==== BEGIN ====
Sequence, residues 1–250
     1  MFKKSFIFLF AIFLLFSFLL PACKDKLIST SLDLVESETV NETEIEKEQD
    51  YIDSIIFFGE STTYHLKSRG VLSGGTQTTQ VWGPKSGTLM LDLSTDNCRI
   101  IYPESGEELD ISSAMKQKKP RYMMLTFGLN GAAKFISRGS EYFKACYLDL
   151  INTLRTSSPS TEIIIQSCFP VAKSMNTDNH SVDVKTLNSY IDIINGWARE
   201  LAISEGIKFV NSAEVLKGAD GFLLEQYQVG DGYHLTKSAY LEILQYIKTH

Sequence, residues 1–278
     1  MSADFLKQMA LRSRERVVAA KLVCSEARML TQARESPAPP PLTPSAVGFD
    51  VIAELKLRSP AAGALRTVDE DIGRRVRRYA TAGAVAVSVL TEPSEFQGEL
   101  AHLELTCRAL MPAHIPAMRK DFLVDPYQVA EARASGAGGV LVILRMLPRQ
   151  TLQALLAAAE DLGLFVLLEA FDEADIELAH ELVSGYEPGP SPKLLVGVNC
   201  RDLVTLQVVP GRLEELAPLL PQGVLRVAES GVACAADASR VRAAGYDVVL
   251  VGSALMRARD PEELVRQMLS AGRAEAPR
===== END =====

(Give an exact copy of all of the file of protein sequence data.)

Sequence, residues 1–250
     1  MFKKSFIFLF AIFLLFSFLL PACKDKLIST SLDLVESETV NETEIEKEQD
    51  YIDSIIFFGE STTYHLKSRG VLSGGTQTTQ VWGPKSGTLM LDLSTDNCRI
   101  IYPESGEELD ISSAMKQKKP RYMMLTFGLN GAAKFISRGS EYFKACYLDL
   151  INTLRTSSPS TEIIIQSCFP VAKSMNTDNH SVDVKTLNSY IDIINGWARE
   201  LAISEGIKFV NSAEVLKGAD GFLLEQYQVG DGYHLTKSAY LEILQYIKTH

Sequence, residues 1–278
     1  MSADFLKQMA LRSRERVVAA KLVCSEARML TQARESPAPP PLTPSAVGFD
    51  VIAELKLRSP AAGALRTVDE DIGRRVRRYA TAGAVAVSVL TEPSEFQGEL
   101  AHLELTCRAL MPAHIPAMRK DFLVDPYQVA EARASGAGGV LVILRMLPRQ
   151  TLQALLAAAE DLGLFVLLEA FDEADIELAH ELVSGYEPGP SPKLLVGVNC
   201  RDLVTLQVVP GRLEELAPLL PQGVLRVAES GVACAADASR VRAAGYDVVL
   251  VGSALMRARD PEELVRQMLS AGRAEAPR